Real Property Located at 5800 SW 74th Ave., Miami, Fla., 363 F.3d 1099, 1101 (11th Cir. 2004).
The district court need not sua sponte review all of the evidentiary materials on file at the time the
motion is granted, but must ensure that the motion itself is supported by evidentiary materials and
must review all of the evidentiary materials submitted in support of the motion for summary
judgment. Id. at 1101-02. Accordingly, the court will review the evidentiary materials presented
by the Defendant in accordance with Rule 56 of the Federal Rules of Civil Procedure.
The party asking for summary judgment "always bears the initial responsibility of
informing the district court of the basis for its motion, and identifying those portions of the
'pleadings, depositions, answers to interrogatories, and admissions on file, together with the
affidavits, if any,' which it believes demonstrate the absence of a genuine issue of material fact."
Celotex Corp. v. Catrett, 477 U.S. 317, 323 (1986). The Defendant has met this burden by
supporting its motion with citations to Plaintiffs’ complaint.
Once the moving party has met its burden, Rule 56(e) of the Federal Rules of Civil
Procedure "requires the nonmoving party to go beyond the pleadings and by [its] own affidavits, or
by the 'depositions, answers to interrogatories, and admissions on file,' designate 'specific facts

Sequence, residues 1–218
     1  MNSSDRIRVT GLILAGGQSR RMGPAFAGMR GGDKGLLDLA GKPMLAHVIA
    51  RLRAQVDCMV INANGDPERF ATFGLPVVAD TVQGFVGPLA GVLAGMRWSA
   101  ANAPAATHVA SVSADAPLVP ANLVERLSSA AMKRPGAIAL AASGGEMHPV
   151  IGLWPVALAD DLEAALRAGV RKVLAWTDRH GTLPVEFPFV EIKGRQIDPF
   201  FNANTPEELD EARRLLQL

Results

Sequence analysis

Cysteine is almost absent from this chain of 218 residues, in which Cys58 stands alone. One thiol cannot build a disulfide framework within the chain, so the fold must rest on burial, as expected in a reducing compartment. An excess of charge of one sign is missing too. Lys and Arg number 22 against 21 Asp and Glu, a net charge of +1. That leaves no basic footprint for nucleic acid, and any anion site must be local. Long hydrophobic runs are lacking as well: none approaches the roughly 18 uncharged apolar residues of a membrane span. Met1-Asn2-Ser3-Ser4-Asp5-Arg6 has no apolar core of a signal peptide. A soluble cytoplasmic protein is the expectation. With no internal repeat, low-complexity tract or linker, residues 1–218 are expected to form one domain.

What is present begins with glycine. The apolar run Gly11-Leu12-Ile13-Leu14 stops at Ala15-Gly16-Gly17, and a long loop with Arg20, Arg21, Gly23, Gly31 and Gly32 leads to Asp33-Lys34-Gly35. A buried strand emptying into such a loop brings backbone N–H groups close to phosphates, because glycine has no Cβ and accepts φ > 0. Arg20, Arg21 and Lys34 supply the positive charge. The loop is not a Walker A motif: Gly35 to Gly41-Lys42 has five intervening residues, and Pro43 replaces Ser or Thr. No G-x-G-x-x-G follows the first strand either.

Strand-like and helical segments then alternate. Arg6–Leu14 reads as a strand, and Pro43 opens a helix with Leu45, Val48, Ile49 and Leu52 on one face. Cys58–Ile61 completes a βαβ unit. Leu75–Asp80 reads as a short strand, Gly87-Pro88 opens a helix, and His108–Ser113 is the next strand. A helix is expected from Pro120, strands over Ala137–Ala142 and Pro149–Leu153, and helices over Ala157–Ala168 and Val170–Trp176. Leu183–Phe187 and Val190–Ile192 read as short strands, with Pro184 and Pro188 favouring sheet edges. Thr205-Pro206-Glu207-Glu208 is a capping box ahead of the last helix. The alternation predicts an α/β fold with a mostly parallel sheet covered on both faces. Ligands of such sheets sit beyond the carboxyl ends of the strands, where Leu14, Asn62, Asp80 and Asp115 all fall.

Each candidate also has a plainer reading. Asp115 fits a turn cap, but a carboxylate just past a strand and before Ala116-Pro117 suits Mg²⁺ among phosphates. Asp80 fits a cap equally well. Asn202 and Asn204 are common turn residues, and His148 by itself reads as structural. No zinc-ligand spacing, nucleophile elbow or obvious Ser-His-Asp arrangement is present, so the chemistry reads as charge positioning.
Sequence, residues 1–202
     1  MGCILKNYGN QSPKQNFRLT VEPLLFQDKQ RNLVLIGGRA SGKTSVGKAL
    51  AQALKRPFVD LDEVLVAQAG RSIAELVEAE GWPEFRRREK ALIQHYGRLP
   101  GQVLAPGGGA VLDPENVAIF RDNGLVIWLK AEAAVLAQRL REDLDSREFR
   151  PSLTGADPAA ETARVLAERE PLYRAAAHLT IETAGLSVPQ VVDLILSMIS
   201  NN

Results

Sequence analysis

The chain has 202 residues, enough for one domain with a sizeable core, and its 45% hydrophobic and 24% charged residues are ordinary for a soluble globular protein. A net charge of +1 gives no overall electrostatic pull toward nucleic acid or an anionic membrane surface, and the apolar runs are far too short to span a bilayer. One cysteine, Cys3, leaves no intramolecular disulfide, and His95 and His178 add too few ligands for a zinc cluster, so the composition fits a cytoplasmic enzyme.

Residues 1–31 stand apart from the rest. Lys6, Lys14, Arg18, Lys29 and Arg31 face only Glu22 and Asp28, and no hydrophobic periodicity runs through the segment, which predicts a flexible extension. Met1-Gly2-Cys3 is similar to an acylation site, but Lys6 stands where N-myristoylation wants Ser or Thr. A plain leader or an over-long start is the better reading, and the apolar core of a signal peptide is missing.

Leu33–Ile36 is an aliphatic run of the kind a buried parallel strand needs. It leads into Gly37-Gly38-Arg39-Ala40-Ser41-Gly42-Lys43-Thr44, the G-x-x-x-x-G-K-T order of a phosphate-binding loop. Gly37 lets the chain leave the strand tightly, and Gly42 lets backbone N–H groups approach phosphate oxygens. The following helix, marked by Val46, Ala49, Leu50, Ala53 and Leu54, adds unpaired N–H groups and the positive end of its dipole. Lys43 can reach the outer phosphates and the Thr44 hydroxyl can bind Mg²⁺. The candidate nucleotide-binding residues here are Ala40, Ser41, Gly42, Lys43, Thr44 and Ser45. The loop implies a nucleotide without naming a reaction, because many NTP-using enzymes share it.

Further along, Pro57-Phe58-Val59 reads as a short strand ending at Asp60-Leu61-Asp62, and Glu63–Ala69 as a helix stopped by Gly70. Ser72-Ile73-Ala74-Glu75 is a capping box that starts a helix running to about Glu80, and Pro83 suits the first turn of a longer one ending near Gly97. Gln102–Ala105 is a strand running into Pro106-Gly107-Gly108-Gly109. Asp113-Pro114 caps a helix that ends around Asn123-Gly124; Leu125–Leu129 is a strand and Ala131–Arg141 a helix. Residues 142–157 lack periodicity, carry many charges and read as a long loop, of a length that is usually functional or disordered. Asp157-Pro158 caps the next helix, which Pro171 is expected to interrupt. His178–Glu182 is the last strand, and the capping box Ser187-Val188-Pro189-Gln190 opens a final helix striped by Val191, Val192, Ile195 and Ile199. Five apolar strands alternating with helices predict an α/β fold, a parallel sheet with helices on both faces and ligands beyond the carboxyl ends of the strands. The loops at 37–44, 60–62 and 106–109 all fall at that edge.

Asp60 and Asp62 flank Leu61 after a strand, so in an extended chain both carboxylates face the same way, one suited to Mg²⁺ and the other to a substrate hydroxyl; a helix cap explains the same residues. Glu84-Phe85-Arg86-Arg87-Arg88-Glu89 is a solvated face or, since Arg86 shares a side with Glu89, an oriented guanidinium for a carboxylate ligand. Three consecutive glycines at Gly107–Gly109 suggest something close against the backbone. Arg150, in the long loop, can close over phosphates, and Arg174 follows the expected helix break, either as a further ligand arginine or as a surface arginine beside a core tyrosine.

showing that there is a genuine issue for trial.'" Id. at 324. If the adverse party does not so
respond, summary judgment, if appropriate, shall be entered against the adverse party. Fed. R.
Civ. Pro. 56(e).
By failing to file any evidence in response to the Motion for Summary Judgment, the
Plaintiffs have failed to meet their burden. Further, the court has reviewed the evidentiary
materials submitted by the Defendant and finds no question of fact as to any material issue raised
by the Defendant as grounds for summary judgment on Counts Two, Three, and Four.
As to Scottsdale’s legal argument relating to the claim for consequential damages in Count
One and standing as to Plaintiffs Coleman and Hardy, Plaintiffs apparently concede each of these
points and the court finds that Scottsdale is entitled to summary judgment on each of these claims.
See Vincent v. Blue Cross-Blue Shield of Alabama, Inc., 373 So.2d 1054, 1056 (Ala. 1979); Altrust
Fin. Servs., Inc. v. Adams, 76 So.3d 228, 245-46 (Ala. 2011).
Accordingly, it is hereby ORDERED that the Motion for Partial Summary Judgment (Doc.
#20) is GRANTED as to Counts Two, Three, and Four as well as all claims of Plaintiffs Arthur
Coleman and Joseph Hardy, as principals, and any claim in Count One for consequential damages
based on breach of contract above and beyond moneys owed under the terms of the contract.
This case will proceed on Plaintiff Bureau of Protective Services’s Count One claim for
breach of contract.
Done this 27th day of September, 2017.
____/s/ W. Harold Albritton__________
W. HAROLD ALBRITTON
SENIOR UNITED STATES DISTRICT JUDGE